Full name: Michael Fred Phelps
Nickname: The Baltimore Bullet
Nationality: United States
Stroke(s): Butterfly（蝶泳）, Individual Medley（个人混合泳）, Freestyle（自由泳）, Backstroke（仰泳）
Date of birth: June 30, 1985
Place of birth: Baltimore, Maryland, United States
Height: 6 ft 4 in (1.93 m)
Weight: 200 pounds (91 kg)
Everything Was Accomplished
Michael Phelps won eight gold medals at the Beijing Olympic Games, and said his every aim had been achieved.
“Everything was accomplished,” Phelps said.“Doing all best times, winning every race.”
For the fiercely competitive Phelps, there was also the satisfaction of proving the doubters wrong.
“The greatest thing is proving nothing is impossible,” Phelps said.“So many people said it couldn’t be done, but all it takes is an imagination. That is something I have learned.”
At the age of 23, Phelps has set a record for the total number of medals won by a male Olympian with 16. ( In Athens four years ago, Phelps won six gold medals and two bronzes.)
“Michael Phelps—you can’t put it in words what he has done here, his level of achievement is phenomenal2 and I don’t think it will ever be seen again,”said Australian distance great Grant Hackett.
When her son was in grade school, Deborah Phelps was told by one of his grade school teachers,“your son will never be able to focus on anything.”
That boy grew up to be swimming superstar Michael Phelps, and that assessment, to put it mildly, has not turned out to be so.
As a little boy, said the mother, he asked 25 zillion3 questions, always wanting to be the center of attention. If he wasn’t zooming by4 on his big-wheel tricycle, he was swinging past on the monkey bars5.
In the elementary grades, Ms. Phelps said, Michael excelled in things he loved— gym and hands-on6 lessons, like science experiments.
She will never forget one teacher’s comment: “This woman says to me, ‘Your son will never be able to focus on anything.’ ”
His grades were B’s and C’s and a few D’s.
It was a tough period. Ms. Phelps and her husband were divorcing. She had just gone back to school to get a master’s degree to become an administrator7, she said.
Michael grew like crazy, but not evenly —his ears looked huge, and when he ran, his arms swung below his knees. Kids bullied him, and when he whacked8 one on the school bus, he was suspended9 from the bus for several days.
When he was in fifth grade, during his annual check-up, Ms. Phelps and the family physician, Dr. Charles Wax, discussed whether Michael might have ADHD10—attention deficit hyperactivity disorder.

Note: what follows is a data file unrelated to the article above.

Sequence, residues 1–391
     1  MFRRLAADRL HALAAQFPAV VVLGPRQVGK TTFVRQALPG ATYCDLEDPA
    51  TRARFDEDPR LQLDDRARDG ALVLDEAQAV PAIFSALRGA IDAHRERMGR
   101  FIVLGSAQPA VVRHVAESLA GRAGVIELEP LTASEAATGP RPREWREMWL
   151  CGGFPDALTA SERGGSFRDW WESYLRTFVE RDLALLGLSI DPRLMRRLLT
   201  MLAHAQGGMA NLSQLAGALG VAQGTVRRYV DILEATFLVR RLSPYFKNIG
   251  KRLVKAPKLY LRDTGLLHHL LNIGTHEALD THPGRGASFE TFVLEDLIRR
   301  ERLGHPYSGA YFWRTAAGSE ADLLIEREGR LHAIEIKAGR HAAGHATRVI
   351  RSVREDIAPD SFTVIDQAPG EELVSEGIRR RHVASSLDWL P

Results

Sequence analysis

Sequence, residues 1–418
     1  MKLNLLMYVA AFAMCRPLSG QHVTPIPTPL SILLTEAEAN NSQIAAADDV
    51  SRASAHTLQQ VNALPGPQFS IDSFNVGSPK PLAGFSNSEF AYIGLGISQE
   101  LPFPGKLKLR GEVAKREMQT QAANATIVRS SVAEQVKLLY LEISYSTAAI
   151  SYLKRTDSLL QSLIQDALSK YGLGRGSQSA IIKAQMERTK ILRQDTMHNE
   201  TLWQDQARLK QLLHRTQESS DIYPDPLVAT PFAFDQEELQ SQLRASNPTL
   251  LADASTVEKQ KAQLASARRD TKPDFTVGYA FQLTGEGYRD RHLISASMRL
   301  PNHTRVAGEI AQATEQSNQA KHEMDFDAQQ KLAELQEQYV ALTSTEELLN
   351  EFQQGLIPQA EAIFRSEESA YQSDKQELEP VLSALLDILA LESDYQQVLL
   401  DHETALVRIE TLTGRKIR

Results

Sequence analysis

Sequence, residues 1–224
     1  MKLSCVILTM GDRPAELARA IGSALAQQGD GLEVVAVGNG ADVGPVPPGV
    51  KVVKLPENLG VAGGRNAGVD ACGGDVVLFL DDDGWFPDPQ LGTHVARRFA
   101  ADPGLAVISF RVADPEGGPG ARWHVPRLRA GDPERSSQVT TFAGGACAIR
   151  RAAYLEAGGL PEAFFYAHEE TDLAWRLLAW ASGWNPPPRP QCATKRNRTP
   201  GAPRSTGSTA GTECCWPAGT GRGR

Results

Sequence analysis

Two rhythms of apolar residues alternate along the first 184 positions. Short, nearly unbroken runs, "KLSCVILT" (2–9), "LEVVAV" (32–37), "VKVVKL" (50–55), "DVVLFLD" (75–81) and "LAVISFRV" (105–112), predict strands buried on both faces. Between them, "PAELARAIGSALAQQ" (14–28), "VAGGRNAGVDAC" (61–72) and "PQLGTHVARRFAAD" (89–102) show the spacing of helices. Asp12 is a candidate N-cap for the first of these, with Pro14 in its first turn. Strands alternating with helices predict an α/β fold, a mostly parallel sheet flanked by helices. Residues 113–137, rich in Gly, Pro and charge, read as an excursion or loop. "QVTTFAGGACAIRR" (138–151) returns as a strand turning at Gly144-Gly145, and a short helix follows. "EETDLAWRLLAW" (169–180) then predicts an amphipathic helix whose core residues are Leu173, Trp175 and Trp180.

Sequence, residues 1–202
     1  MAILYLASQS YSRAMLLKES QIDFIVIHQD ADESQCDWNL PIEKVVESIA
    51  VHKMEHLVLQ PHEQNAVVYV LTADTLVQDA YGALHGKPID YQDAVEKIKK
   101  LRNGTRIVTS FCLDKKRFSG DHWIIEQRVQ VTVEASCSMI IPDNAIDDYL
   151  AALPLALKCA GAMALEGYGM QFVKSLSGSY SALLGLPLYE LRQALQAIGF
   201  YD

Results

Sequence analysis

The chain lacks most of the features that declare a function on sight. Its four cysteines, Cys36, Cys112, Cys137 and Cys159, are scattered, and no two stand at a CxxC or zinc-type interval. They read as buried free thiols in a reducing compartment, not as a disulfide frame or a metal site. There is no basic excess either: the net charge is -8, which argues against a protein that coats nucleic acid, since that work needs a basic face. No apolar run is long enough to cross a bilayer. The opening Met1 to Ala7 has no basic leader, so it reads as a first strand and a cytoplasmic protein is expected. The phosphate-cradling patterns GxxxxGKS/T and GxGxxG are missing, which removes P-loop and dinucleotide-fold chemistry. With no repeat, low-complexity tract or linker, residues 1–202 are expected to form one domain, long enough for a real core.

The doctor suggested sending assessment forms to his teachers. Their consensus11: Can’t sit still, can’t keep quiet, can’t focus.
At age 9, Michael was put on Ritalin12, a stimulant13 used to treat hyperactivity.
His mother thinks it helped a little. “He seemed to be able to focus longer,” she said.
After two years, Michael asked to come off the meditation14.
“Out of the blue15, he said to me, ‘I don’t want to do this anymore, Mom. I can do this on my own.’”
“From Day 1, I included my children as part of the decision process. So I listened.” she said.
After consulting with Dr. Wax, Michael stopped medication.
By then, the Phelpses were a swimming family. (Michael’s older sister Whitney at 15 was ranked first in the country in the 200-meter butterfly, though her career would be cut short by a back injury.)
In the meantime, Michael the swimmer had appeared. By 10, he was ranked nationally in his age group. Ms. Phelps watched the boy who couldn’t sit still at school sit for four hours at a meet waiting to swim his five minutes’ worth of races.
When Michael was 11, his swim coach at the North Baltimore Aquatic Club, Bob Bowman—still his coach—took the Phelpses aside and talked about Michael’s gift. “Bob says,‘By 2000, I look for him to be in the Olympic trials,’ ” recalled Ms. Phelps. “ ‘By 2004, he makes the Olympics. By 2008, he’ll set world records. By 2012, the Olympics will be in ...’—I said, ‘Bob, stop, he’s 11, he’s in middle school.’ ”
As it turned out, the boy would move four years faster than his coach’s prediction.
By 15, in 2000, he was at the Olympics; at 16 he had his first world record; and by 19, at the 2004 Olympics, he had won 8 medals, 6 of them gold.
Of all his mental gifts, the one that amazes his mother the most is this: “Michael’s mind is like a clock. He can go into the 200 butterfly knowing he needs to do the first 50 in 24.6 to break the record and can put that time in his head and make his body do 24.6 exactly.”